The Phoenix Coyotes situation in Arizona seems tenuous at best, as recent reports say prospective buyer Greg Jamison will be unable to purchase the team.
Jamison and his group of investors have until midnight Thursday to complete the deal under a previously arranged lease agreement, and as of now that seems unlikely to happen. Reports have surfaced that Jamison (or a lawyer representing him) have asked for an extension, but new Glendale Mayor Jerry Weiers says there has always been an understanding that the deadline was non-negotiable.
"Mr. Jamison and I have talked," Weiers told Arizona Sports 620's Burns and Gambo Thursday. "I had told him that I would honor the deal that the previous council had made. That's true today, but not a second past it."
Weiers said the stance has nothing to do with a desire to see hockey leave the desert; in fact, he and the council would prefer to keep the Coyotes around. However, as the economy continues to struggle, tough decisions have to be made.
"We want a professional hockey team here, but not when it's literally tied to the backs of our taxpayers at the same time that we're letting our law enforcement jobs go by the wayside and our fire," he said. "Public safety has got to be our very first priority, and as much as I want the Coyotes here, it can't be done on the backs of the taxpayers by sacrificing, trading public safety for hockey.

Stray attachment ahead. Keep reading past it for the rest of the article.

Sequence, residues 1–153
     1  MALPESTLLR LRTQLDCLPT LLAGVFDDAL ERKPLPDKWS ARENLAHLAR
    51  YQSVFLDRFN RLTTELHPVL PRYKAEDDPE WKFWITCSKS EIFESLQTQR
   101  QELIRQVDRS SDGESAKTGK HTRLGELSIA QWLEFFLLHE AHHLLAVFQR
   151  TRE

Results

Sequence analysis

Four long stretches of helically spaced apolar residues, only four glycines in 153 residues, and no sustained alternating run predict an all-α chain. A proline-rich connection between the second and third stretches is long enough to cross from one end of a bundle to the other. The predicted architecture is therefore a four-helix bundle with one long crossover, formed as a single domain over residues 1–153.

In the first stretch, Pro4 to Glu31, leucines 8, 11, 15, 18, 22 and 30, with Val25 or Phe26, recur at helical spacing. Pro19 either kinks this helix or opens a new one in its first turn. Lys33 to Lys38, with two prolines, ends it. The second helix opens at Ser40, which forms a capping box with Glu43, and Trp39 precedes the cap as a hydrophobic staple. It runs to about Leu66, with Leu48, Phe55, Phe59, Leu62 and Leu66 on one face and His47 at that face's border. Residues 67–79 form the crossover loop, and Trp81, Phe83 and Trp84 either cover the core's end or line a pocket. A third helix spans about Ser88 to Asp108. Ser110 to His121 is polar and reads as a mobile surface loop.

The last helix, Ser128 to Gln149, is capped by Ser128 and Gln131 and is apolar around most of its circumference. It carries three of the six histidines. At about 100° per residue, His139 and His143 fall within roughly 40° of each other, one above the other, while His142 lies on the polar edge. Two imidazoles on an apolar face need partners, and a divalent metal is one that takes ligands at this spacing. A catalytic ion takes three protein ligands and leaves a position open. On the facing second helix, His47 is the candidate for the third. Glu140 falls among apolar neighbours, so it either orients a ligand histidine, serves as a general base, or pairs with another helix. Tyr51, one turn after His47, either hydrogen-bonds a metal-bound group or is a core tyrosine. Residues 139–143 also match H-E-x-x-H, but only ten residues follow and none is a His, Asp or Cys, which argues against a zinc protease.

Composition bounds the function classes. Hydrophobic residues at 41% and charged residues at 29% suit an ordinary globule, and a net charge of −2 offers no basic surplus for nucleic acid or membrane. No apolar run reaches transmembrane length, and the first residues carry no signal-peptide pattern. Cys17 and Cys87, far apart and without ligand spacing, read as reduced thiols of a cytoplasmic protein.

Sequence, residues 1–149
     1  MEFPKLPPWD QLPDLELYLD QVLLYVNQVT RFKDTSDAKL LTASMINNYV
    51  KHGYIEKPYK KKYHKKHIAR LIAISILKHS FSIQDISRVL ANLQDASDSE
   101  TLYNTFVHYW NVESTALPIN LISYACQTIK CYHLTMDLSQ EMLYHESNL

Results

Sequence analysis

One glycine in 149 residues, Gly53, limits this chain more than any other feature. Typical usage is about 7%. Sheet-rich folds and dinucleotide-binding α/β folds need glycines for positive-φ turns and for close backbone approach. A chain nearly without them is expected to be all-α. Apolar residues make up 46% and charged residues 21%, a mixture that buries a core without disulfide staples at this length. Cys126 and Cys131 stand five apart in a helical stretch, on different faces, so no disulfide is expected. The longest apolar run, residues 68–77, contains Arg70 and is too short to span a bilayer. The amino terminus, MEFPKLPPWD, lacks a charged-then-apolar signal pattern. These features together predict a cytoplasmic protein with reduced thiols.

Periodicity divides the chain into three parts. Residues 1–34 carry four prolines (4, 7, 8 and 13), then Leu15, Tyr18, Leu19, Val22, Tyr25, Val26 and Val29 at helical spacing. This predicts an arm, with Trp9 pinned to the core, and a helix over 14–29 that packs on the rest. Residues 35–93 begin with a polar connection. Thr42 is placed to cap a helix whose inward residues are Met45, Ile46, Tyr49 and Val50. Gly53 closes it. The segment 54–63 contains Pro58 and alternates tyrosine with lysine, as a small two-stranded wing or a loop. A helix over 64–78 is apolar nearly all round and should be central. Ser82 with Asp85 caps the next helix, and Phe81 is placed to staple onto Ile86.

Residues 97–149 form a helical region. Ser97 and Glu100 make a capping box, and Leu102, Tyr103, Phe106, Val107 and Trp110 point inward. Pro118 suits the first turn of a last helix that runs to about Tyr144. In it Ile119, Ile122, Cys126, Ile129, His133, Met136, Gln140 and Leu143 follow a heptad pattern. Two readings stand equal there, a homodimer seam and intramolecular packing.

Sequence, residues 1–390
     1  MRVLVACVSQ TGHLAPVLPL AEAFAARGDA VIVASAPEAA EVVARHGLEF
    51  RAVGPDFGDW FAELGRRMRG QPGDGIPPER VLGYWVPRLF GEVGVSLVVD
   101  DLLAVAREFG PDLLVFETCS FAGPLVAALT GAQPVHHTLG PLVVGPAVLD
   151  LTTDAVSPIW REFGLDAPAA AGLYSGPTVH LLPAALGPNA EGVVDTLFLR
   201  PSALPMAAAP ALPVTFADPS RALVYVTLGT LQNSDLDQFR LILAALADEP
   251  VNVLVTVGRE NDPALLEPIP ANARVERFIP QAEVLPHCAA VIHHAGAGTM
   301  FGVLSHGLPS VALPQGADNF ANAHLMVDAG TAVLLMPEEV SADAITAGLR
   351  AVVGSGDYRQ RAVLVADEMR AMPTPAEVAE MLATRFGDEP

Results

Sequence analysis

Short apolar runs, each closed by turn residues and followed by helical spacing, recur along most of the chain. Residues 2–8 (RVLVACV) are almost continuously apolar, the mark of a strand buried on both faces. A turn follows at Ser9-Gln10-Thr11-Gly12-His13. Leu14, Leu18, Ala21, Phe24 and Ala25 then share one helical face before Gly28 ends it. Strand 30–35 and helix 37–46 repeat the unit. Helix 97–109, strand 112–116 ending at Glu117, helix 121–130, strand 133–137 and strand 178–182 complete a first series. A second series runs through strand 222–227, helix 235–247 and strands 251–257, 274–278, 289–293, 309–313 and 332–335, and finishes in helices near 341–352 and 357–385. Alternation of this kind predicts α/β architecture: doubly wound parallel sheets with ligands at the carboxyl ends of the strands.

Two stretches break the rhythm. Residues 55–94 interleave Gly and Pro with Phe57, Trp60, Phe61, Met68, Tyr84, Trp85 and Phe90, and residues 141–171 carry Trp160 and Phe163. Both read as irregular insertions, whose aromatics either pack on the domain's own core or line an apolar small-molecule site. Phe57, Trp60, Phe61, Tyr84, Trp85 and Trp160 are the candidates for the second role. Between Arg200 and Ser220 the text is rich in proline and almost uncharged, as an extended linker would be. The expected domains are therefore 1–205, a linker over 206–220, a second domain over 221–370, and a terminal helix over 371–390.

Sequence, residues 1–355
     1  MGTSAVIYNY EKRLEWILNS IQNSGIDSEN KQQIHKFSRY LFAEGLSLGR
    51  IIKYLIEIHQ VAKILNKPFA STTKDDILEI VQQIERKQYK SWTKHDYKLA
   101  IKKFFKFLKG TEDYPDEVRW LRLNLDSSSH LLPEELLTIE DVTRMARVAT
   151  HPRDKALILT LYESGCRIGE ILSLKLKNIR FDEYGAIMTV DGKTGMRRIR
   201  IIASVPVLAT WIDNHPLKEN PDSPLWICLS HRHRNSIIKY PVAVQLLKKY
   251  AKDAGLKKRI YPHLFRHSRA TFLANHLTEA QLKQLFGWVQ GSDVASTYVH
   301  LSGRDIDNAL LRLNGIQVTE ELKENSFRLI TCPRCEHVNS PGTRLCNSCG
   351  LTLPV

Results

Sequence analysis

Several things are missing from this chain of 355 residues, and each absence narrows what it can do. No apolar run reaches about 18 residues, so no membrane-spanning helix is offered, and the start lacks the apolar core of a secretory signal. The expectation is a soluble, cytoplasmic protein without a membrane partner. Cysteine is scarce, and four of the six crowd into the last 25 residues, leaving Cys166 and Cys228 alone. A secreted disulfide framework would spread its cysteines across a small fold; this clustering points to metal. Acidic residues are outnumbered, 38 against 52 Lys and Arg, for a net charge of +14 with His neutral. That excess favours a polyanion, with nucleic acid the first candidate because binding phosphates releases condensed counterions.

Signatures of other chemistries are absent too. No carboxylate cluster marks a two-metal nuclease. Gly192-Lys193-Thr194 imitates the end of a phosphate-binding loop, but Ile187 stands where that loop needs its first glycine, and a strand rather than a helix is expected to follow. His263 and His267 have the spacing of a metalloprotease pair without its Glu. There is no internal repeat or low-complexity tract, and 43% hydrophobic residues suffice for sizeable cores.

"We can't do it."
The deal, which had been agreed upon last year, would pay the franchise's owners $308 million over 20 years to manage Jobing.com Arena. The trick is balancing that cost with the revenue brought in by the team, which currently ranks last in the NHL in attendance. That's something Weiers and the city council have to weigh as it proceeds, as it is a very real possibility the team will leave if a deal is not reached soon.
"Obviously that's a concern that we all have, but I do know that the majority of the council -- including myself -- feel we can still accomplish the goal of keeping the team here, but we don't have to give the farm away to do it," he said. "I think if anybody wants a professional hockey team it needs to support itself."
Weiers said it is not and should not be government's position to decide which businesses succeed and which ones don't, adding it would not be fair to support a hockey team while other business are failing every day.
But professional hockey team is different from a regular business, and the mayor understands Glendale would take a hit if the Coyotes bolt.
"At the same time, we take a hit by keeping them here," Weiers said.
So the Coyotes are where they are: still without an owner, still hoping to stay in Arizona. The only difference is they may be less than a day away from officially having at least one foot out the door.
Weiers is well aware of that, and while he is pessimistic that something will get done by midnight Thursday, he's not yet ready to throw in the towel on hockey in the desert.
"If he can't pull it together I know that the council will not be willing to extend that, but I can also tell you we will entertain any offer anybody has that isn't going to set our city backwards, that will help us move forward, that will keep the Coyotes here and keep a professional hockey team," he said, admitting it may take a miracle to keep the team around. "I don't know anybody that doesn't want them here other than the Canadians. They'd rather have them up north of the border.
"If we can keep them here and not cost our taxpayers money, that's a win-win for everybody."